Also, what has traditionally defined the brands may no longer apply. The brands will run on their reputation.

Range will be the defining characteristic. I like how Toyota stated it best. High range vehicles will be for the top end cars — Lexus, etc. But that also begs the question, what happens to the Corolla EV, which has traditionally been their high mileage/efficiency car? It's a titanic shift in perception and expectations.
And we simply don't know how that's going to play out at this stage.

I think 300 mile EPA range is the magic number. It's where the majority of car buyers will feel most comfortable. That should mean, every single run of the mill car from Malibu to Corolla to Golf to Sonata should hit the 300 mile EPA range either now or in the future. High end or luxury cars should push for 400-500 mile EPA range, which will justify the added cost of the bigger battery. Combine that with improvement in vehicle weight and aerodynamics and software, car makers can start eyeing out incremental improvements in range.
 

·
Registered
2015 Cadillac XTS Platinum, 1989 Merkur XR4Ti, 1989 Merkur Scorpio
Joined
·
11,890 Posts
The idea of luxury being defined by what’s ‘under the hood’ has been replaced in the electric era with the prioritization of seamless connectivity, integration into existing digital ecosystems and good UX design," Gregor Hembrough, Head of Polestar North America, said.
Probably in the minority, but I don't give a %^&* about any of that.
I don't want to be connected. At all.
I see a subscription screwing coming in the near future and want nothing to do with any of it.

The ability to do all of my charging at home is huge. No mega charger, just wall plug.
But I'm not a purist. Using a few gallons of gas doesn't bother me.
Hit the Magic "300" number, too!
 

·
Registered
Joined
·
21,389 Posts
Discussion Starter · #10 ·
In France (and in the future, perhaps Europe in general), the Polestar brand is taking a hit due to litigation involving the company's logo vis-a-vis that of Stellantis N.V.'s Citroën brand:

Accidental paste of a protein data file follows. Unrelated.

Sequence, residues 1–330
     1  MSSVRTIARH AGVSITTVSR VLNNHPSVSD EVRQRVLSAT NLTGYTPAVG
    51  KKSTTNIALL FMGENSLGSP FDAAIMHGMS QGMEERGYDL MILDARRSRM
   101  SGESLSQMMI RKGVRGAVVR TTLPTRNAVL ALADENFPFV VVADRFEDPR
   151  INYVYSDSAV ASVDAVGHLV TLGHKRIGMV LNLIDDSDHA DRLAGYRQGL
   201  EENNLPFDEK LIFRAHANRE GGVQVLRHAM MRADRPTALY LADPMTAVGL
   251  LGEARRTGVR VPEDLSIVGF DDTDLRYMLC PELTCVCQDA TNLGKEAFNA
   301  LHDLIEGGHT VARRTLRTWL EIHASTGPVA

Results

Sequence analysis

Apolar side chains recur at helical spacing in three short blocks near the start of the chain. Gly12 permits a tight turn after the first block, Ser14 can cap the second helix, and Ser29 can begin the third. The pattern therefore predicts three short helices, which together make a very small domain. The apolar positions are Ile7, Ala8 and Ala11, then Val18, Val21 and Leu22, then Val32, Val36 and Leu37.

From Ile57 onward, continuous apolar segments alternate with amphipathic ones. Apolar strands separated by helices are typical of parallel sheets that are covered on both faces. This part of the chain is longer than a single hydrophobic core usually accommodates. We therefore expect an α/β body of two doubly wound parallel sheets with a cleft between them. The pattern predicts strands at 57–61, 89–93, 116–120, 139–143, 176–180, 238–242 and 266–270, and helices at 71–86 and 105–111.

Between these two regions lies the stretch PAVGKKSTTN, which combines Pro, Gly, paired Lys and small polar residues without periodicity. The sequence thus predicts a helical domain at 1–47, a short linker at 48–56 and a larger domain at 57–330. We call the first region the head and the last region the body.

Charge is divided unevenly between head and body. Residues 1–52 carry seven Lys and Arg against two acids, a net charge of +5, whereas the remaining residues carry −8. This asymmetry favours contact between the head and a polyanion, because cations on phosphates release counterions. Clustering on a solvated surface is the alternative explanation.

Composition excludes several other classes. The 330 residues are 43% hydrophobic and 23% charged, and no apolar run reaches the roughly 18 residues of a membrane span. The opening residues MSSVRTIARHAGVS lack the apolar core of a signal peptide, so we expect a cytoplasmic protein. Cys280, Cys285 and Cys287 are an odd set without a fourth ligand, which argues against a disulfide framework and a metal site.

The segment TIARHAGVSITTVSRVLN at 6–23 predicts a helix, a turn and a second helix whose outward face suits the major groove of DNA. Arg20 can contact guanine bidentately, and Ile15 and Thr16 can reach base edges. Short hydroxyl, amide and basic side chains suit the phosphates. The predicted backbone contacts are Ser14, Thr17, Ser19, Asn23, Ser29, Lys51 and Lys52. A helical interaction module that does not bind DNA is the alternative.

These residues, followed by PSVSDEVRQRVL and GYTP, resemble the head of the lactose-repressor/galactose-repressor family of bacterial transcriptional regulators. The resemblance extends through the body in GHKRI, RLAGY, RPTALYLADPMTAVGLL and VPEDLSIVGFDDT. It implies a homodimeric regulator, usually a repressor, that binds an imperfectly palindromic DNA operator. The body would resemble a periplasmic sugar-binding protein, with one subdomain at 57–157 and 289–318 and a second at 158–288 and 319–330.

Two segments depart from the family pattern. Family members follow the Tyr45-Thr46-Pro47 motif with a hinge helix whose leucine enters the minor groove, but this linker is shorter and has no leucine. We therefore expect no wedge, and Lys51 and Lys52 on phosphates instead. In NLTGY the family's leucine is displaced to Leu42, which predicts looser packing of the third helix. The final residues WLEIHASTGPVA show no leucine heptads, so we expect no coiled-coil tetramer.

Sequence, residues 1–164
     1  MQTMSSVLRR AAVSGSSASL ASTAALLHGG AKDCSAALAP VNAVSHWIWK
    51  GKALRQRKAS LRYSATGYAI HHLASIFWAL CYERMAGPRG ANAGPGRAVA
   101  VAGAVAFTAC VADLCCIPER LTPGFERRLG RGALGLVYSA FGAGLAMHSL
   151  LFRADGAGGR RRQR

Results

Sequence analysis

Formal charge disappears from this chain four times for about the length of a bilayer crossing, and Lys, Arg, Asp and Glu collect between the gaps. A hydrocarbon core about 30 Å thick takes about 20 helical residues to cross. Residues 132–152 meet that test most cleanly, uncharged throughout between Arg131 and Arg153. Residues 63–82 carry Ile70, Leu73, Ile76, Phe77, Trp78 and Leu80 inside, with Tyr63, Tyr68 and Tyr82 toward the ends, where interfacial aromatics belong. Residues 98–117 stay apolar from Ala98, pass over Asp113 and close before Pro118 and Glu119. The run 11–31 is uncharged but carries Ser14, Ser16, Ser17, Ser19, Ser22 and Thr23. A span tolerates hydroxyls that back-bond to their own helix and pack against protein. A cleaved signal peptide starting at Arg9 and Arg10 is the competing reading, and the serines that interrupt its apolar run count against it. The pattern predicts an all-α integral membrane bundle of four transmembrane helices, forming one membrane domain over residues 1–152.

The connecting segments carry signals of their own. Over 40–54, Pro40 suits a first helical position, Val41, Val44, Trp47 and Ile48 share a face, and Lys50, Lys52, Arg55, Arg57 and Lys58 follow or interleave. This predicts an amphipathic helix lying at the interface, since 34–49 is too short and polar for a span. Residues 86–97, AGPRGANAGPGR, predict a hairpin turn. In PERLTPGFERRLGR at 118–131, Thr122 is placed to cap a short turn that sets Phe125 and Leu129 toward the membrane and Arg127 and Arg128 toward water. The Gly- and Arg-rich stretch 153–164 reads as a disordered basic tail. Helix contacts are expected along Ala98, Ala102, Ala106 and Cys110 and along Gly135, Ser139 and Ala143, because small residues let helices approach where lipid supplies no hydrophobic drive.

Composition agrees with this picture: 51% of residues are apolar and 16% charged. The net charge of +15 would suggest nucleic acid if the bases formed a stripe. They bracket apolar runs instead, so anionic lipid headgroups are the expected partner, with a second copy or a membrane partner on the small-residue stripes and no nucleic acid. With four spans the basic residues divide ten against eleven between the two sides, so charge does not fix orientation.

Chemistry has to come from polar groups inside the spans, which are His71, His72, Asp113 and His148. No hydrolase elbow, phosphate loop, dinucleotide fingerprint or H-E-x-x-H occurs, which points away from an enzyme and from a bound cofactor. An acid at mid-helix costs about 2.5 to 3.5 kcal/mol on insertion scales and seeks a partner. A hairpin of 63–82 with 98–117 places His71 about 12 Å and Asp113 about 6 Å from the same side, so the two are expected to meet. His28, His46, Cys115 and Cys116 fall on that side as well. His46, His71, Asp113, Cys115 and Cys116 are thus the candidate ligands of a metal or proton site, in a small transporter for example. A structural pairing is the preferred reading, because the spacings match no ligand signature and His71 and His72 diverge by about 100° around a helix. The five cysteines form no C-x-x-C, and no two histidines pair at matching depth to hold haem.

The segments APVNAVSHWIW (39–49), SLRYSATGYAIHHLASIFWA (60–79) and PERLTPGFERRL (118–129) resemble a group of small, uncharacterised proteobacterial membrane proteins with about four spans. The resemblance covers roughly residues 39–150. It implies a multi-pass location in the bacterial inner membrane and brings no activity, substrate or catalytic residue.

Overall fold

Citroën wants to chase Polestar (and its sublime cars) out of Europe with this new lawsuit

Polestar logo:


Citroën historic logo:
That looks like a stretch... I'm thinking BMW had little luck in getting Pontiac to stop using the twin kidney grill, Citroen, in my eyes, has a bigger stretch.
 

·
Registered
Joined
·
21,389 Posts
Discussion Starter · #11 ·
Probably in the minority, but I don't give a %^&* about any of that.
I don't want to be connected. At all.
I see a subscription screwing coming in the near future and want nothing to do with any of it.

The ability to do all of my charging at home is huge. No mega charger, just wall plug.
But I'm not a purist. Using a few gallons of gas doesn't bother me.
Hit the Magic "300" number, too!
You mean something like this: 2023 Cadillac Escalade Gets Mandatory OnStar, Connected Services Plan (cadillacsociety.com)

I'll have a cow if GM expects me to buy a 3 year plan for $1,000 or so.
 

·
Registered
Joined
·
21,389 Posts
Discussion Starter · #13 ·
Yes. There will be new differentiating factors to distinguish each and every single new EV out there.
Also, what has traditionally defined the brands may no longer apply. The brands will run on their reputation.

Range will be the defining characteristic. I like how Toyota stated it best. High range vehicles will be for the top end cars — Lexus, etc. But that also begs the question, what happens to the Corolla EV, which has traditionally been their high mileage/efficiency car? It's a titanic shift in perception and expectations.
And we simply don't know how that's going to play out at this stage.